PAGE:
DirectorCocoa Black, Peebles (Edinburgh)
Ruth Hinks says she has a passion for "all things chocolate". She trained as a chef at a Cordon Bleu cookery school in South Africa and came to the UK six years ago. She set up her chocolate and patisserie school three years ago, creating a successful and diverse business.
With courses ranging from beginners’ chocolates to professional pastry chef, some 2,000 people have already been through the school’s doors. The French-style café has been open for a year, offering pastries, cupcakes, biscuits, gateaux and truffles. Hinks now employs 15 people and has just added online sales to her business.
She is proud that the business is growing at a time when many are afraid to diversify; the school is due to move to larger premises and the hunt is on for a new pastry chef. "I just love what I do, from creating in the kitchen to teaching in the school," she says. She particularly enjoys working with moulded chocolate and uses seasonal and local ingredients wherever possible. One of her favourite products is a cherry & dark chocolate gateau, featuring a vanilla panacotta filling, swirled through with cinnamon biscuits and dark chocolate, a Madagascan chocolate mousse and a ganache covering.
The judges were impressed by the "magic and inspiration" Hinks brings to everything she does, adding that the industry needs innovation from people who "push back the boundaries, both in terms of the offer they create and the products themselves."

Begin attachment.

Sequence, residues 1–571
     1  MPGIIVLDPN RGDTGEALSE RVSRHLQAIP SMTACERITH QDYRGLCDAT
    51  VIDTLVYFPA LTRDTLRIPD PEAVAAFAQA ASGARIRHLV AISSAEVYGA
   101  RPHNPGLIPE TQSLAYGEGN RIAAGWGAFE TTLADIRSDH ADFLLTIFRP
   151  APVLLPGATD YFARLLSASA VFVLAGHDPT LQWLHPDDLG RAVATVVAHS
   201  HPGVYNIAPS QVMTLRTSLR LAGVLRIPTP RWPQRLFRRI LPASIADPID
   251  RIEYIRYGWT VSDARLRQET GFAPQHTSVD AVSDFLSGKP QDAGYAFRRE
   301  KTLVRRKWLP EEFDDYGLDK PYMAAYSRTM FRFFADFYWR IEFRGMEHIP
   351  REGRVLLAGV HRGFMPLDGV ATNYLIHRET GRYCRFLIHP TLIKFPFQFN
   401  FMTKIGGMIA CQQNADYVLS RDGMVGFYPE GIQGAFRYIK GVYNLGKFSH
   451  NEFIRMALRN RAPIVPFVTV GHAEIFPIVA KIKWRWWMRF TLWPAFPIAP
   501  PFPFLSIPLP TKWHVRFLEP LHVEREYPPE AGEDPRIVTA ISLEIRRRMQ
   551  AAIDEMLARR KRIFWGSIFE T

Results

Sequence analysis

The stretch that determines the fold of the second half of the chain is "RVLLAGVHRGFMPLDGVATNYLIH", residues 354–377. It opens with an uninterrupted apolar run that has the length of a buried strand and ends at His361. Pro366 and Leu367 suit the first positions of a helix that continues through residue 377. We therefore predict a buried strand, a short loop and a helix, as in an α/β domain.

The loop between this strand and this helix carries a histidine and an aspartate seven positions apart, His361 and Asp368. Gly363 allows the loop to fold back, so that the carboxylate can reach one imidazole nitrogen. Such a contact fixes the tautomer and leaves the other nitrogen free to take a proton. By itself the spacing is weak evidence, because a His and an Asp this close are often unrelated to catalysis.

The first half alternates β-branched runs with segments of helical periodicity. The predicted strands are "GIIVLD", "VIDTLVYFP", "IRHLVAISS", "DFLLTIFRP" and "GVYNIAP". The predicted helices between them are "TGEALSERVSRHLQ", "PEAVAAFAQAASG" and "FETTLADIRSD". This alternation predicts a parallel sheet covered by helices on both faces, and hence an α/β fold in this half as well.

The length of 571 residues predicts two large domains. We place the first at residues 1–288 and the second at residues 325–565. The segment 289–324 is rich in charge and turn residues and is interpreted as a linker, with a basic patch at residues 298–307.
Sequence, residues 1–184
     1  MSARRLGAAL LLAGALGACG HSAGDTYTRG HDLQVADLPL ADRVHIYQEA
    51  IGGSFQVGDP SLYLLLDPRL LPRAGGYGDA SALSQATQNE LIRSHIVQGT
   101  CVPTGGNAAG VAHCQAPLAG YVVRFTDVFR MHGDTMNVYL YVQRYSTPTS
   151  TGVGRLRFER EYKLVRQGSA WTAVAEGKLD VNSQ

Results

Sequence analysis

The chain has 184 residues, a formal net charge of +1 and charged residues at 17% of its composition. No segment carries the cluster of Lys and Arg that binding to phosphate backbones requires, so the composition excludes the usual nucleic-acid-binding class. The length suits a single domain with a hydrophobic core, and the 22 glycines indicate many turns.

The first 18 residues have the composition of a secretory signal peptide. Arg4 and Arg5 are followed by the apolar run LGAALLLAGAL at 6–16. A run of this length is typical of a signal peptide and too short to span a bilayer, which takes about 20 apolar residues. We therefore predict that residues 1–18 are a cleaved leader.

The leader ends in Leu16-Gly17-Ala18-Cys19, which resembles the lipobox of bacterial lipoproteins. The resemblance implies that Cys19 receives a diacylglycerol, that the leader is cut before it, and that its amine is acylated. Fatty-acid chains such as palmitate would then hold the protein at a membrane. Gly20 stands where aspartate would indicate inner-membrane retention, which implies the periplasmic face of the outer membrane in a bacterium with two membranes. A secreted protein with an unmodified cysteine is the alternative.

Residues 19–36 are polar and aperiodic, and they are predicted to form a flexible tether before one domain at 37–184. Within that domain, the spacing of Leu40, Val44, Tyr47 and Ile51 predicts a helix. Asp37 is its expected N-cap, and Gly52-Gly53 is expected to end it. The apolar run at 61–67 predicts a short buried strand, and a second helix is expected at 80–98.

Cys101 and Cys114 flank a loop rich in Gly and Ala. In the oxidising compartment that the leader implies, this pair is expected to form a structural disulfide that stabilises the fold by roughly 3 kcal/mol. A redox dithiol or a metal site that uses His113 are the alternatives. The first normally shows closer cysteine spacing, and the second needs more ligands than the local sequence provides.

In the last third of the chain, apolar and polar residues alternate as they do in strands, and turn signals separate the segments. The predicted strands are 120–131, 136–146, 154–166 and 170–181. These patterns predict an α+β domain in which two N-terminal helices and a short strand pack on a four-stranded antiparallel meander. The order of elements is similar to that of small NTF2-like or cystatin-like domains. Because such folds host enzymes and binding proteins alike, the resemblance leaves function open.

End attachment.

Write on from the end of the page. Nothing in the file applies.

OwnerBachmanns, Thames Ditton
Bachmanns, started in 1989 by renowned pastry chef Ernst Bachmann, is now run by his son, Chris, who learned his trade from his father. "Dad is always available for consultation, so our heritage is still close at hand," he says.
The single shop has a brigade of seven in the kitchen and four front-of-house staff. Bachmanns’ core range is its Continental gateaux and pastries, but it also produces Danish, biscuits, savouries and speciality breads, as well as its beautiful handmade chocolates. "Everything we do is to the highest possible standards, whether it’s a £5 bag or a £150 box of chocolates," says Bachmann. He cites the chocolate truffle gateau as among the best examples of the firm’s emphasis on quality. He notes that a recent survey showed 85% of customers make a special journey to enjoy the bakery’s Continental specialities. "People appreciate our skill and the fact they can get things here that they cannot anywhere else," he says.
Team LeaderCooplands, WheatleyDoncaster
Cooplands was established in 1932 and is still a family-run business. It produces savouries, breads, sandwiches, chocolate and confectionery items for its 86 shops, as well as providing a range of wholesale items. The firm employs 830 people and boasts an annual turnover of around £20m.
Lisa Boyles joined as a junior in the confectionery department in 1993. She credits her colleagues with helping train her. Now, she is one of a team of three who manage training. Her favourite part of the job is innovation and she says she finds inspiration all around her. "It’s good to get ideas from others, but even better to develop them and make them your own."
Boyles is particularly proud of the department’s eye-catching fudge-iced range including muffins and cupcake buns and her Christmas pudding buns, created with different gingers. "I hope the judges saw my creativity and versatility," she says. "And that, as a trainer, I am giving something back to the business."